In the age of clean eating, fad diets and an allegedly revelatory new superfood being championed each week, many of us often forgo some simple yet wonderful culinary delights. In these most confusing and dramatic of times one can be forgiven for finding comfort in a burger and not a plate of quinoa

Many of the most ardent spinach fiends I’m sure still occasionally slip in a chip (or twelve) and why not? Such foods bring millions of people joy, acting as a release from the monotonous drudgery of modern life . There is certainly nothing wrong with providing yourself a bit of escapism.

Yet in affording ourselves this hit of dopamine we rarely stop to contemplate the ingredients of our now forbidden fruit, let alone their historical and social significance. Foods that once defined or united classes have been culturally vaporised, when in reality their poignancy should make us enjoy them even more.

Chips:

For clarity and also Americans, here chips and french fries are synonymous. Chips history, like the bodies of  those who eat too many, is somewhat circular. The core ingredient; the potato was brought to Europe from the New World in the early 16th century were, it went on to culinary domination, if not quite sophistication. Despite many a chef giving it their best efforts serving them on a slate, in miniature-fryer or plant pot.  Chips went full circle by returning to become a true all-American symbol; cultural imperialism and obesity, in no particular order.

It took almost 200 years for anything resembling a chip to emerge from the fryers of- well this is where an intense and still raging international debate still rages.

Belgium and France vie for the honour of being dubbed ‘’inventor of the chip’’. Although the French may have the edge in the nomenclature stakes.  Both agree however that the chip emerged at some point in the late 17th century when,  some anonymous peasant began using leftover fat to reinvigorate the stoic potato.

The French claim the new deep fried potatoes grew in popularity and were an increasingly popular street food on the eve of revolution in 1789. The fast-food of Paris then exported across the continent in the subsequent Napoleonic wars (1799-1815) where, unsurprisingly it caught on with Europe’s masses.

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Vive la Frites! Was the French Revolution partly responsible for the worlds love of Chips?

 

This version is given further support by U.S President Thomas Jefferson who had them served as- ‘’potatoes in the French fashion’’ at a Presidential dinner. To have such a historical figure providing legitimacy if not evidence to your case does you well in posterity.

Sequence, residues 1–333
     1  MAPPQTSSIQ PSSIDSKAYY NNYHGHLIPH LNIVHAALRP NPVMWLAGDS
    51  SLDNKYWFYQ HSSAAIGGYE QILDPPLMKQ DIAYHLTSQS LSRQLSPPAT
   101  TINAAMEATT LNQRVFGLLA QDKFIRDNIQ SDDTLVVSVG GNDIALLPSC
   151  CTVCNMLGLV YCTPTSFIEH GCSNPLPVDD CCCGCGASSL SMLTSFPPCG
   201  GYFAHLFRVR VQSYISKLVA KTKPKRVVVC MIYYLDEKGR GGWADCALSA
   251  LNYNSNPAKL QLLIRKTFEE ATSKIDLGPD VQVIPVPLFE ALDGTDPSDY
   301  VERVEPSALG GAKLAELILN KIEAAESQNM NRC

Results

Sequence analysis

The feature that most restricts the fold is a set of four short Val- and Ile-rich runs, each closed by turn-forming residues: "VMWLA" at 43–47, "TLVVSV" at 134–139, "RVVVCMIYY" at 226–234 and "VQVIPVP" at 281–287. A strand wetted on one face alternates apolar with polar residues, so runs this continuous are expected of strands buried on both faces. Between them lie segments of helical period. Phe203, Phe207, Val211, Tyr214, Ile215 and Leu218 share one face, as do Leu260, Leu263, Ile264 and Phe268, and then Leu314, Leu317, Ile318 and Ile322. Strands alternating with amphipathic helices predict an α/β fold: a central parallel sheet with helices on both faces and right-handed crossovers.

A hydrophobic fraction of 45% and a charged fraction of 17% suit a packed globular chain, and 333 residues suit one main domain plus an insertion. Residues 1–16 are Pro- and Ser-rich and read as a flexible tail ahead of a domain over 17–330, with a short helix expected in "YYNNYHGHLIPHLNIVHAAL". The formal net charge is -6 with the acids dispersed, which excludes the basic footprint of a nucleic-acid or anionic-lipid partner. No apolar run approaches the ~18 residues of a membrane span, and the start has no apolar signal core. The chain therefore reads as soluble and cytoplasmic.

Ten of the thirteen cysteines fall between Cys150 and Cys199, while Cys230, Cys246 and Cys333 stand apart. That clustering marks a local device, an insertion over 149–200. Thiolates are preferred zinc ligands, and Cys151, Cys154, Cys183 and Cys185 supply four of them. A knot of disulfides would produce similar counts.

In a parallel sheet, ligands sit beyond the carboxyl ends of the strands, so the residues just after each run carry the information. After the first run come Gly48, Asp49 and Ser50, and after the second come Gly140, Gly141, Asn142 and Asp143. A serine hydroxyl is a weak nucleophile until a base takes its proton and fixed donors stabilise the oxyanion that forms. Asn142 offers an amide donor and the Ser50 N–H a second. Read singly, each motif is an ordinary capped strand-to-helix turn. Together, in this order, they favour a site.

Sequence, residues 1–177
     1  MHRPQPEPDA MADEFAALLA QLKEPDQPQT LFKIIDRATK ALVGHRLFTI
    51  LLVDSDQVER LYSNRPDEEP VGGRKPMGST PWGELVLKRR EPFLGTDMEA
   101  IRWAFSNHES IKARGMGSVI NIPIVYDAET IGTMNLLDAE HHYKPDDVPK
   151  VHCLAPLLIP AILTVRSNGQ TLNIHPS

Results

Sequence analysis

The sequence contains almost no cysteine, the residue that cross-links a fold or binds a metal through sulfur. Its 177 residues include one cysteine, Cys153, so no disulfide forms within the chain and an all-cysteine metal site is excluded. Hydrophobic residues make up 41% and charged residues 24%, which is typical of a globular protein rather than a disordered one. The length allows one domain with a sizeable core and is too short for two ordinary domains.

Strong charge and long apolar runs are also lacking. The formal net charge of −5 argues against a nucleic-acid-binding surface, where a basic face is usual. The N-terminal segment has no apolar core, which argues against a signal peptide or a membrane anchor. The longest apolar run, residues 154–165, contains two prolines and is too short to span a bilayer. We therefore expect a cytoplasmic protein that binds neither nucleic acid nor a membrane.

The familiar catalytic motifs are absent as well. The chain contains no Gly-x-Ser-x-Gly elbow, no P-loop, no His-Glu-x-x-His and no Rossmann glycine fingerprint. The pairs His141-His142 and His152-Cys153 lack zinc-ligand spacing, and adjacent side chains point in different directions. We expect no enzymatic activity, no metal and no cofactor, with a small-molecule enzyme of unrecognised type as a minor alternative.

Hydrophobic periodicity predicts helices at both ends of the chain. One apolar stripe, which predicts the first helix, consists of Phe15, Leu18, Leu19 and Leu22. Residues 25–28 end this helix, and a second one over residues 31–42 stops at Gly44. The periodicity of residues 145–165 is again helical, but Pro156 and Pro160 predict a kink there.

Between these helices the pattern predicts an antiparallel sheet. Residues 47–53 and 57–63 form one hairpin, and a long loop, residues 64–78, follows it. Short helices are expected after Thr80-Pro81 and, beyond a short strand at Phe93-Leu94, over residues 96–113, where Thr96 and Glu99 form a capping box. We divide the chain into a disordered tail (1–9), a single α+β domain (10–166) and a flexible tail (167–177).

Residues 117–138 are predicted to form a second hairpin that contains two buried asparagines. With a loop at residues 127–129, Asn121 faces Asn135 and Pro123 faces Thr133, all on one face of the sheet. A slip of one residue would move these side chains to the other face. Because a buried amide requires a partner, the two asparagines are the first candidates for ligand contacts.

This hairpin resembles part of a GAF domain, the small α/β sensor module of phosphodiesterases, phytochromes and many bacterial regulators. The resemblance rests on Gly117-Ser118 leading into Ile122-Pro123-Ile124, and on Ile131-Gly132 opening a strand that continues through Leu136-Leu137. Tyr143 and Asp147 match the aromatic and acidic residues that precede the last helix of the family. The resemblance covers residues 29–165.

Not perturbed by their neighbours international backers and with a similar lack of concrete evidence, Belgians assert their claim.  In the 1970s  Belgian journalist Jo Gerrard claimed to have a document taken from a cookbook dating to the 1660s, written in Flemish and providing a recipe for chips-or rather deep-fried potato strip. This key culinary scripture still however remains suspiciously hidden.

Many other disgruntled Belgians profess that, as has happened for many a cultural creation, poor Belgium gets lumped in with France due to the (unlucky) happenstance of geography , something not without historical precedent. Some may even say this is what Mr Jefferson is guilty of.

Of course it wouldn’t be a cultural battle if the English weren’t involved in some shape or form and so they are, if perhaps comically late.  The industrial town of Oldham, claims to have invented chips in 1860. This despite all prior affirmations  from the continent and contradicting statements from certain English-people. Charles Dickens referred to french fries in A Tale of Two Cities 1859, they also appeared in an E.Warren cookbook in 1856.

Whether Oldham council was claiming ownership of a fatter English chip is merely semantics. Something of course not at all to do with the regions claim to the first Fish and Chip shop.

No matter which anonymous Low-Countrymen first flung strips of potato into boiling fat the impact the chip on modern food and culture cannot be dismissed. What would McDonalds be without the french fry? And what would the west be without lurid fast-food joints? Is the chip both the cement and fuel of our civilisation, who knows?

What we do know is that the chip returned to America with the millions of Europeans who emigrated in the 19th century. In the USA it would become to become King of the Carbs- and of the gut. And it is without doubt the Americans who have sold the chip back to us in Europe as the ideal fast food, even if they are the overly skinny kind.

 

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